The river system of an area is called drainage. The area drained by a single river system is called a drainage basin. On the basis of origin, nature and characteristics, rivers of India are classified as the Himalayan rivers and the Peninsular rivers. Most of the Himalayan rivers like the Indus, the Ganga and the Brahmaputra are perennial. Most fresh water lakes are in the Himalayan region. These lakes are of glacial origin. These are formed when glaciers dug out a basin, which was later filled with snowmelt.

Most of the major rivers of the Peninsula such as the Mahanadi, the Godavari, the Krishna and the Kaveri flow eastwards and drain into the Bay of Bengal. The Narmada and the Tapi are the only long rivers, which flow west and make estuaries.

Water from the rivers is a basic natural resource, essential for various human activities. The rivers of India are of great use for us because they comprise of a great source of fresh water. Large quantity of water is supplied to the cities and villages for domestic consumption. River, which is such an important resource, is getting polluted these days. The pollution is generally because of the growing demand in domestic sector, municipal sector, industrial sector, agricultural sector, etc.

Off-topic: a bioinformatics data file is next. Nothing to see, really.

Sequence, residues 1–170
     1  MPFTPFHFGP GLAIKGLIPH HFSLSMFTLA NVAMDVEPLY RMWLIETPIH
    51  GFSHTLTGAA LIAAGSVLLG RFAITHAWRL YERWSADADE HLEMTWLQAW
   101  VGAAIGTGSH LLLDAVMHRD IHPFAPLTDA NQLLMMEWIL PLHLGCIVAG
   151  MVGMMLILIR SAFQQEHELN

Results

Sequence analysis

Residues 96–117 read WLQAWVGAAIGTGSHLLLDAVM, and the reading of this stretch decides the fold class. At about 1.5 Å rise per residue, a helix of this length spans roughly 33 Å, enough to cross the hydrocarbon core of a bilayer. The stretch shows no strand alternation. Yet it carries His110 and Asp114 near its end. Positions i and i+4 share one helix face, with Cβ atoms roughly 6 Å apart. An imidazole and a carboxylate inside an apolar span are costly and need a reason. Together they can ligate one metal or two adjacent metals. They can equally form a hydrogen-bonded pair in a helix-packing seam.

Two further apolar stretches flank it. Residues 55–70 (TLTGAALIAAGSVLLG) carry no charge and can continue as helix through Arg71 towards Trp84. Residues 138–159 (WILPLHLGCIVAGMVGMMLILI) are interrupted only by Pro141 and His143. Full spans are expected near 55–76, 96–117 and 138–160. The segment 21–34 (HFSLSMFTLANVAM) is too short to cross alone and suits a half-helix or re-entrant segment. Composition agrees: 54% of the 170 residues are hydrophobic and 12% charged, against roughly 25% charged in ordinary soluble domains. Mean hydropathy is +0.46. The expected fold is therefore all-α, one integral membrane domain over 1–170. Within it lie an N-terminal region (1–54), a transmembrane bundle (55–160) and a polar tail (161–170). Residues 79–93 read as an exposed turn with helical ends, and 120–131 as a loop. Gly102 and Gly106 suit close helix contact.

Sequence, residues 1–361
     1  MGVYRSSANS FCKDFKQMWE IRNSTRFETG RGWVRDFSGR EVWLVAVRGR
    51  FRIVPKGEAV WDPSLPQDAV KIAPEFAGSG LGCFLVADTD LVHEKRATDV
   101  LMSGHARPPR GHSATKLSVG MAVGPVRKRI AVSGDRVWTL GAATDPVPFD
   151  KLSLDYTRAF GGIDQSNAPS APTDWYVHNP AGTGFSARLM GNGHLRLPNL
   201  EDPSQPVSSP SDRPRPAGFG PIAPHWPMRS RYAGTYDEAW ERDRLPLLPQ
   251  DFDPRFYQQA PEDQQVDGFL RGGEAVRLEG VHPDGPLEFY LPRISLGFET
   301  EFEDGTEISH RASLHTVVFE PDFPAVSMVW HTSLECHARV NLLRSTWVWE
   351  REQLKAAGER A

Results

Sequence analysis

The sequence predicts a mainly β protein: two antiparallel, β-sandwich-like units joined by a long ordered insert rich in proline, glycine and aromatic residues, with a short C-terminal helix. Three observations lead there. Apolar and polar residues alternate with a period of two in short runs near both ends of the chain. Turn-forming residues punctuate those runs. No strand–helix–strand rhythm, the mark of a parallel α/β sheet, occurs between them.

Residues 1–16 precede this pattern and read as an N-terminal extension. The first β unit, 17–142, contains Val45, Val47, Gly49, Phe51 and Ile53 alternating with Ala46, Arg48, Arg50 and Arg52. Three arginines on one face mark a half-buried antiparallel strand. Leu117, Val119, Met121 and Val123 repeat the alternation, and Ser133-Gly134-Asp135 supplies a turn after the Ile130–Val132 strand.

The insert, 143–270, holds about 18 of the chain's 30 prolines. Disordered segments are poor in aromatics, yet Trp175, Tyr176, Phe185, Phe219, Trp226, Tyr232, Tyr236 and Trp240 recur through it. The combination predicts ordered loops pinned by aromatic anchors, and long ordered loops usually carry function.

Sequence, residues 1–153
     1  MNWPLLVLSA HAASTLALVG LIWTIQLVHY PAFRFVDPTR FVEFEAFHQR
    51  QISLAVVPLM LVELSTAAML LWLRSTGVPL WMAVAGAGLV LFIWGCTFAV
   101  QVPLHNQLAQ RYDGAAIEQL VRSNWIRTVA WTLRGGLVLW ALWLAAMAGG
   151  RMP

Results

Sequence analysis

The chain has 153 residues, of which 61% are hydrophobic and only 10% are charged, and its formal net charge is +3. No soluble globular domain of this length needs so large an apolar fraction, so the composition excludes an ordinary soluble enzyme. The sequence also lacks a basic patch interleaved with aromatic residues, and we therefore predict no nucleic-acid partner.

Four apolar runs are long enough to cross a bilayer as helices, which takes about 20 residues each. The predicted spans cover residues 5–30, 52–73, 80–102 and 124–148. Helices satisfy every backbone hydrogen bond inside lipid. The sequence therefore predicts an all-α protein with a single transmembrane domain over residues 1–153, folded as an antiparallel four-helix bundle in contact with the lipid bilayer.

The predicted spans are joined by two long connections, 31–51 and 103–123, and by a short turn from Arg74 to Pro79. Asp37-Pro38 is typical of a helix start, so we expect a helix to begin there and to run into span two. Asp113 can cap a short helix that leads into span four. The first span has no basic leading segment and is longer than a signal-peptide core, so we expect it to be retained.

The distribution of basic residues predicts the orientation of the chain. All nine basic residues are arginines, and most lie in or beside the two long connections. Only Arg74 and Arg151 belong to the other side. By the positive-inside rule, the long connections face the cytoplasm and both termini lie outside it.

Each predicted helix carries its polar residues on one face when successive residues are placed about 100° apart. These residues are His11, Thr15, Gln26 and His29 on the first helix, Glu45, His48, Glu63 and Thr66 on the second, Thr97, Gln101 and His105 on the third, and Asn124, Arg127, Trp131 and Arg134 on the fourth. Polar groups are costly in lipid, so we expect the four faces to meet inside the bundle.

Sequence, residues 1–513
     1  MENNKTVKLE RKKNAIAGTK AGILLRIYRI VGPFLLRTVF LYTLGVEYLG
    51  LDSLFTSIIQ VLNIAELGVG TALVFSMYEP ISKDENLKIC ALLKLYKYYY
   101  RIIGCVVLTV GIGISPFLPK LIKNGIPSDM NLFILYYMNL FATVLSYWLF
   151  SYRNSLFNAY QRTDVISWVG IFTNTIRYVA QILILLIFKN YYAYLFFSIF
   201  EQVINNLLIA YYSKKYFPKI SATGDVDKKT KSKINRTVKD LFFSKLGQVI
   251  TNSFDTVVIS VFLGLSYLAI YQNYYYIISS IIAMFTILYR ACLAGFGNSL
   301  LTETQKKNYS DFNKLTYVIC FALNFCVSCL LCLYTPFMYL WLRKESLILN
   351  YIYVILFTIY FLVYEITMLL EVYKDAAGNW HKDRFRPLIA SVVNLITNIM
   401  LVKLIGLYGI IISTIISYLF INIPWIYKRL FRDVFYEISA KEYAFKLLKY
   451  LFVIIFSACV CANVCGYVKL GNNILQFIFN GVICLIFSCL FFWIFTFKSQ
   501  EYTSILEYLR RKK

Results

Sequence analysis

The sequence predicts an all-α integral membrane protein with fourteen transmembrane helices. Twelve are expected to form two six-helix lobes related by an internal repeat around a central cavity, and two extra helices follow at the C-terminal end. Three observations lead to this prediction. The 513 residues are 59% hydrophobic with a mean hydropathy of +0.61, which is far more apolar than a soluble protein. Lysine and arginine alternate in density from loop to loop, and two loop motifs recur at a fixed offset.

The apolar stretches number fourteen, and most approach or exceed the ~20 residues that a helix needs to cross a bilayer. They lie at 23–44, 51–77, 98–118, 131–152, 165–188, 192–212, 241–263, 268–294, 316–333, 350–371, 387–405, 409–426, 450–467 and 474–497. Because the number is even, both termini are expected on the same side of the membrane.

Due to the increasing river pollution, the government is taking several steps to conserve river. One of the important measures taken by the Government is the Ganga Action Plan. Ganga Action Plan Phase one was initiated in 1985, and closed on 31st March, 2000. The Ganga Action Plan envisaged intercepting, diverting and treating 882 million litres water per day, out of 1340 million litres water per day of wastewater.

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